Denver Real Estate Trends
“How’s the market?” The answer to my favorite question can be answered many ways, so what part of the question do you want to talk about?
1. Rising home prices
2. Overwhelming consumer demand
3. Lack of inventory for sale
4. New construction not keeping up with housing demand
5. Rental prices skyrocketing
6. The effect of gas and oil prices
7. How the marijuana industry has affected our market
8. What parts of town are the next to pop
9. How low interest rates are continuing to make housing relatively affordable
10. Are we in a bubble?
These are all great topics of conversation for a party or a phone call, but let’s keep it simple here with some good old charts and graphs. Because… who doesn’t like a good chart?
Everything you need to know about our current real estate market is contained in this chart. The solid line shows the number of homes for sale in metro Denver each month from January 2008 to January 2017. The broken line shows the number of homes that sold each month through the same time period. You can see that the inventory peaked between April and May 2008 at 26,000 homes for sale. That was at the depth of our economic and housing downturn, when fear ruled our market, banks were being shut down, our local and national economies were in shambles, unemployment was rising, and consumer confidence hit new lows. The result was that people didn’t want to buy homes; they were afraid of the future and didn’t want to take on any risk. On the seller side of the equation, many homeowners were getting caught with rising monthly mortgage payments as their Option ARM mortgages adjusted upward, so suddenly they wanted to sell at the very worst time possible. The perfect storm. It’s simple economics: if you have more supply than demand, prices fall and that is exactly what they did from 2007 to 2009. Then around 2010 and 2011 the market became roughly balanced with 18,000 to 20,000 homes on the market. But as you can see the market did not remain balanced for long because the supply continued falling through the years as demand rose.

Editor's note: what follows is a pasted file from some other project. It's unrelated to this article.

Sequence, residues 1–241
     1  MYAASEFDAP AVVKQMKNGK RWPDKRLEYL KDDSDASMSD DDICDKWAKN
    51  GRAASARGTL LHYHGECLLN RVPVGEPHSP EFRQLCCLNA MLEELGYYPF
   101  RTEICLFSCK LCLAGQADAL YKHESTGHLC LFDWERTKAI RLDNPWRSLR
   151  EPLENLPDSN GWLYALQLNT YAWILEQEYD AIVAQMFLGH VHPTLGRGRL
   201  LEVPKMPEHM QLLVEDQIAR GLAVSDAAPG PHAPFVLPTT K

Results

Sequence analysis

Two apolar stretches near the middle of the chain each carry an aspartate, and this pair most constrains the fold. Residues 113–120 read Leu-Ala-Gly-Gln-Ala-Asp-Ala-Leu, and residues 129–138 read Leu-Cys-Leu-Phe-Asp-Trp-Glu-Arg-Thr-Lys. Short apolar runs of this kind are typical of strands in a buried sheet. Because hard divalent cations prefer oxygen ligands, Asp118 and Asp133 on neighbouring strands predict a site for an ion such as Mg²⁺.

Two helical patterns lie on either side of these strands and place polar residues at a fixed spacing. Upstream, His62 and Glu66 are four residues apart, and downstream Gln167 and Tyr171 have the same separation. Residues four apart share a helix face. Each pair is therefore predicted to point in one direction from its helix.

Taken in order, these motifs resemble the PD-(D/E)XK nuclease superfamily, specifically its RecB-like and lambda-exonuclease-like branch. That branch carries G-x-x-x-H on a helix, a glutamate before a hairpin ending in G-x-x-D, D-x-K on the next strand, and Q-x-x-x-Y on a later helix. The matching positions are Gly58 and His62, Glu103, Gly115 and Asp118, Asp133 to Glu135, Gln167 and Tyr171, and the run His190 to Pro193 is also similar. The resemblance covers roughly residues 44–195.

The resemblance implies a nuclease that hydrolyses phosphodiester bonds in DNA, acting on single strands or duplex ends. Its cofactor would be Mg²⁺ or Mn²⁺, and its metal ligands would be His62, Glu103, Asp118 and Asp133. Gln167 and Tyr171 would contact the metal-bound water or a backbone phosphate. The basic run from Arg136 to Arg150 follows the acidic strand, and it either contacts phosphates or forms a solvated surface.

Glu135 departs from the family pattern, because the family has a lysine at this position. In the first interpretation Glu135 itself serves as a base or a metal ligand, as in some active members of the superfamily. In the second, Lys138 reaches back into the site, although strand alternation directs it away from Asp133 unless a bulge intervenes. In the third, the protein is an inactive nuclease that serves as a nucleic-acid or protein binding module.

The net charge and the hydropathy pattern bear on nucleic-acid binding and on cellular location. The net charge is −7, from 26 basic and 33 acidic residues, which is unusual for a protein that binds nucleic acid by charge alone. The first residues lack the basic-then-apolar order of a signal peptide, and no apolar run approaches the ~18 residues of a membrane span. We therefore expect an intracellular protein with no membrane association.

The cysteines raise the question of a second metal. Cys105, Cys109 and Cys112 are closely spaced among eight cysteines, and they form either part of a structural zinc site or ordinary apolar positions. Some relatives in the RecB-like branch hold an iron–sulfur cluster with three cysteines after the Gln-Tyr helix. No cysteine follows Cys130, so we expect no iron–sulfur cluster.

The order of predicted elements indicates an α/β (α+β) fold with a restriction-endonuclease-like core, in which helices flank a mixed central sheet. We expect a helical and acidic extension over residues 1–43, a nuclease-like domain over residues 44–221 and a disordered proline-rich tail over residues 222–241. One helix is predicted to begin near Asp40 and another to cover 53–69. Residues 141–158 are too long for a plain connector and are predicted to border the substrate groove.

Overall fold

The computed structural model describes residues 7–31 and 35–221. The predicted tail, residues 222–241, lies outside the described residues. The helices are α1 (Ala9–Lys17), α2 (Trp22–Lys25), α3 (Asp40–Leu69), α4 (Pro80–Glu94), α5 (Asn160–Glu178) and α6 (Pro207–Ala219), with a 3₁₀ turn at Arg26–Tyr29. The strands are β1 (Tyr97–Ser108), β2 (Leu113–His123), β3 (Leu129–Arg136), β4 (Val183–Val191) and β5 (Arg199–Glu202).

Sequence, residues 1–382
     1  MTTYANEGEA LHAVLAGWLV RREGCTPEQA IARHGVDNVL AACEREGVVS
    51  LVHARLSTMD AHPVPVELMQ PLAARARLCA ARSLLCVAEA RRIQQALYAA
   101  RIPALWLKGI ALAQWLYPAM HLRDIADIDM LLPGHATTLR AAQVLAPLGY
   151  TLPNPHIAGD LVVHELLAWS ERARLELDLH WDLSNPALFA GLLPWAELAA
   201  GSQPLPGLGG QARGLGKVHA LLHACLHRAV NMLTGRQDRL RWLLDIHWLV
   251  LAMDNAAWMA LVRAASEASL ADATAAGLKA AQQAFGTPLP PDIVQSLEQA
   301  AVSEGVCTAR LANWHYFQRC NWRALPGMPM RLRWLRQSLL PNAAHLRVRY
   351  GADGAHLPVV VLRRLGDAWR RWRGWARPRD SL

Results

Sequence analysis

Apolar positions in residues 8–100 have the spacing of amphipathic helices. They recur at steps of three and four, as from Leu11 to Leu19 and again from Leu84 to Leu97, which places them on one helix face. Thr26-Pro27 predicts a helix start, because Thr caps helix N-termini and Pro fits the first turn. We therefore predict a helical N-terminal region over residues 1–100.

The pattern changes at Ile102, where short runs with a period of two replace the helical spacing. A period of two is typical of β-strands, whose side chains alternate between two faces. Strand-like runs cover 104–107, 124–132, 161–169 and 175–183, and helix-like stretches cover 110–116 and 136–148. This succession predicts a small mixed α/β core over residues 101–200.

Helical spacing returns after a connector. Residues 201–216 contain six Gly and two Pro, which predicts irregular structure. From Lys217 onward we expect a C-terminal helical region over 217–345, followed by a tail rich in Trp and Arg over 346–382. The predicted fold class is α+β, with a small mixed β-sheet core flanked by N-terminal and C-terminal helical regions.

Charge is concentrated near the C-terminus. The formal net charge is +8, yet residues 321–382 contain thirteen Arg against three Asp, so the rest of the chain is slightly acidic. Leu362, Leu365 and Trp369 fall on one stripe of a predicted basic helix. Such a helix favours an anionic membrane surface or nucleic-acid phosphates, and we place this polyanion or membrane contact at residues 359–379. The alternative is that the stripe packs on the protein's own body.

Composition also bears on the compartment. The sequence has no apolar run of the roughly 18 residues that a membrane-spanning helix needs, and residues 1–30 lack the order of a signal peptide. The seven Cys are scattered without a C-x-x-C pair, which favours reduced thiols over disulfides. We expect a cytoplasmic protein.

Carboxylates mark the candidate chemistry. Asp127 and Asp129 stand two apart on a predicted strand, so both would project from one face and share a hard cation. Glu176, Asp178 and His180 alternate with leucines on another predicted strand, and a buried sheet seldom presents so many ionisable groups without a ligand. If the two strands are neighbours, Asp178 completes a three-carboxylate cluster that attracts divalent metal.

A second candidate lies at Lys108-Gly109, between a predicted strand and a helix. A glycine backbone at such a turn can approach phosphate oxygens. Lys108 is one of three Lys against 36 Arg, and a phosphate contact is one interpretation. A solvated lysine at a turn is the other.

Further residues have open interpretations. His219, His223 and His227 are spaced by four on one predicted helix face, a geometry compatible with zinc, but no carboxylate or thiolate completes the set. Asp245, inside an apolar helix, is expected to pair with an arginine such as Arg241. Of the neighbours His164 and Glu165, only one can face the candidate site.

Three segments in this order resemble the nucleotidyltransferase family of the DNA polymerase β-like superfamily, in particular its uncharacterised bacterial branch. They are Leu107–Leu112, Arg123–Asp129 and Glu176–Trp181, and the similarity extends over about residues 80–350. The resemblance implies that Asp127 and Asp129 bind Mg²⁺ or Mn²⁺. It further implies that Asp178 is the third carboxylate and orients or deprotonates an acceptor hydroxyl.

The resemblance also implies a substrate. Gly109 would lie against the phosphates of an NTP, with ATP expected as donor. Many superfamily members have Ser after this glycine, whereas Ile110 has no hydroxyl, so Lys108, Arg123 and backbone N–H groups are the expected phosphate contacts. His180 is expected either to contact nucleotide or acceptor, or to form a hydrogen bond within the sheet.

Today’s market: In January 2017, there were 3,974 homes on the market, nearly an all-time low for a January! This lack of inventory defines our current housing market. The past several years have seen an incredibly strong real estate market in metro Denver and this chart explains exactly why. The supply of homes has vanished placing an imbalance in our market. No three dimensional, super-fancy, econometric model can do a better job of explaining the imbalance in our market than this simple chart.
It’s interesting to see that while the solid inventory line has dropped dramatically the past seven years, the broken line representing the number of sold properties has barely inched upward, even though our population continues to rise about 1.5 percent per year. This tells me that our demand for housing is going to stay very strong for the foreseeable future.
So, how do you use this information? It depends, of course, on who you are and what you’d like to do.